About the Front: I think Sean's saying, "You stuck me in a pullover jersey and elastic-waistband pants? Are you friggin' kidding me?".

About the Back: "Mesquite" is an interesting town name. Makes me hungry.

Triple Play:

1. Sean earned his first major league win with three innings of one-run, one-hit relief against the Royals on April 17, 1999. It was a sloppy game, as the White Sox and Kansas City combined for five errors.

2. Lowe pitched parts of seven seasons in the majors, primarily with the White Sox. His best season was 2001, when he had a 9-4 record with a 3.61 ERA and three saves as a swingman for the Pale Hose.

3. Sean's claim to fame: On June 16, 2001, he was the opposing pitcher when Cardinals rookie Albert Pujols dropped down his first - and to date, only - sacrifice bunt. The pitcher fielded the bunt and threw to second baseman Ray Durham (covering first base) for the first out of the inning. The runners moved to second and third base. That Tony LaRussa always was crafty.

11-Year-Old Kevin Says: I found Sean Lowe's body language to be pretty funny back in 1993. Nothing has changed.

Bill James Said: Nothing. Sean was in A-ball in '93.

On This Date in 1993: April 10. Jimmy Key and John Habyan of the Yankees combined to shut out the White Sox, as New York won a laugher 12-0. Bernie Williams, Kevin Maas, and Spike Owen each had three hits for the Yanks, and Bernie also drove in a team-high three runs.

Wednesday, April 9, 2014

#190 Doug Drabek

About the Front: Doug Drabek's right knee comes down so low on his delivery that it looks like he's genuflecting.

About the Back: Drabek was part of a six-pitcher trade between the Pirates and the Yankees. New York sent him to Pittsburgh along with Logan Easley and Brian Fisher in exchange for Pat Clements, Cecilio Guante, and Rick Rhoden.

Triple Play:

1. He was the 1990 National League Cy Young, thanks in large part to his league-best 22-6 record. In the NLCS, he split his two decisions against the eventual World Champion Reds, absorbing a complete-game 2-1 loss in Game 2 before pitching into the ninth inning in a 3-2 Pirates win in Game 5.

2. Drabek has been a pitching coach in the Diamondbacks organization since 2010, and is currently on the staff of the Single-A Hillsboro (OR) Hops.

3. Doug's son Kyle was the Phillies' first-round draft pick (18th overall) in 2006. A few years later he was shipped to Toronto in the Roy Halladay blockbuster, and has struggled with his control in parts of four big league seasons as a starting pitcher with the Jays.

11-Year-Old Kevin Says: I remember having the sense that Drabek was older than his early 30s because he went prematurely gray. Of course, now I'm edging toward the Silver Club in my 30s as well.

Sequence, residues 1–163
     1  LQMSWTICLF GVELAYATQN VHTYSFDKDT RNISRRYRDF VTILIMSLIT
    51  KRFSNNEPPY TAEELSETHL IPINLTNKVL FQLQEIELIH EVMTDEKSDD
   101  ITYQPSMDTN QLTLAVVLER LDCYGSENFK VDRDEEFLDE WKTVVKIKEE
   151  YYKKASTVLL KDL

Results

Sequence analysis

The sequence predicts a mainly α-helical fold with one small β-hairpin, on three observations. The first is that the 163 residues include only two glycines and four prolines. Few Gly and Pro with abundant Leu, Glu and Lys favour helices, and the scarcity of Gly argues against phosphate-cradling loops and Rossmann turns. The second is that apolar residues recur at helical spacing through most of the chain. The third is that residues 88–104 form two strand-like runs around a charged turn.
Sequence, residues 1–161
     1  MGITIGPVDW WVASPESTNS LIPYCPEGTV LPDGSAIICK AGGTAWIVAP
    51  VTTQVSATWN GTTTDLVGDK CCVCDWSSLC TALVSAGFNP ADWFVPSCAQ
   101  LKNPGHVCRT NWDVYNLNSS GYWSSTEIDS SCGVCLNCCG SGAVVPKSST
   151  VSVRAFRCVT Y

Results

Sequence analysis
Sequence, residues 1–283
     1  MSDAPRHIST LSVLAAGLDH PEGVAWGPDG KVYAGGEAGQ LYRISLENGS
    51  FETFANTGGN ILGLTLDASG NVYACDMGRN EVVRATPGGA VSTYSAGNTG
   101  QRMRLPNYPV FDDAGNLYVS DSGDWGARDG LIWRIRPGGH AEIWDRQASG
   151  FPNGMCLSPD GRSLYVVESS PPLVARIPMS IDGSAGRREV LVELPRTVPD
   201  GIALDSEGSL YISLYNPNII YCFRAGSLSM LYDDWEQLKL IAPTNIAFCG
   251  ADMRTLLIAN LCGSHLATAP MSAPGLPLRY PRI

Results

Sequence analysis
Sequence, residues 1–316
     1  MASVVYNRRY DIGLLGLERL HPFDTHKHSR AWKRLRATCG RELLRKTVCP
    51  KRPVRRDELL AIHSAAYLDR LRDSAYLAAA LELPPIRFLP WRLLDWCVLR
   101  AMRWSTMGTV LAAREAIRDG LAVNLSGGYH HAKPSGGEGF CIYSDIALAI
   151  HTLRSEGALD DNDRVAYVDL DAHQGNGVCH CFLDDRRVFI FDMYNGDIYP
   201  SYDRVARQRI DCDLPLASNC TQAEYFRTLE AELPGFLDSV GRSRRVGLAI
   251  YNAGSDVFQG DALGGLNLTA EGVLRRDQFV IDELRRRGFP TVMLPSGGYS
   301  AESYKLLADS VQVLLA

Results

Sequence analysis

Bill James Said: "Pitched a lot of close games and didn't win them, thus leading the league in losses." Here's a sampling of tough losses from Drabek's 1993 game log: 3-1, 2-1, 3-2, 5-4 (blown save), 2-1, 3-0, 2-1, 3-1, 4-3 (blown save), 3-1. That's 10 of his 18 losses right there.

On This Date in 1993: April 9. The Rockies batter the Expos 11-4 in the franchise's first-ever home game. An MLB-record 80,227 fans pack into Denver's Mile High Stadium to witness the first win in team history. Bryn Smith is the winning pitcher, tossing seven scoreless innings. Charlie Hayes and Eric Young set the tone with first-inning home runs off of Montreal's Kent Bottenfield.

Tuesday, April 8, 2014

#189 Tony Phillips

About the Front: Tony Phillips looks like he's running against a stiff wind. Cue the Bob Seger...

About the Back: That's a helluva one-two punch for the '61 Tigers. They won 101 games, but that was a firm second place behind the 109-win Maris-Mantle Yankees. How frustrating for Detroit.

Triple Play:

1. Tony switched to #73 with the White Sox in 1997 when Albert Belle joined the club and requested the #8 jersey that had previously belonged to Phillips. The utility player said that he picked a number that nobody else would ever want.

2. On August 10, 1997, Phillips was arrested in an Anaheim hotel room while in possession of $30 of free-base cocaine and a pipe. The charges were dismissed after he attended counseling and remained drug-free for a year.

3. As recently as 2012, a 53-year-old Phillips could be found playing in the independent North American League, where he maintained a .355 on-base percentage in 16 games with the Edinburg (TX) Roadrunners. The previous season, Tony made headlines as a member of the NABL's Yuma Scorpions after he brawled with ex-Dodgers outfielder Mike Marshall, who was managing the rival Chico Outlaws.

11-Year-Old Kevin Says: I remember Tony Phillips being a pesky guy that you hated to see your team face. A check of his career splits shows that he batted .257/.352/.378 in 150 career games against my Orioles, which is actually a bit below his .266/.374/.389 overall stat line. Go figure.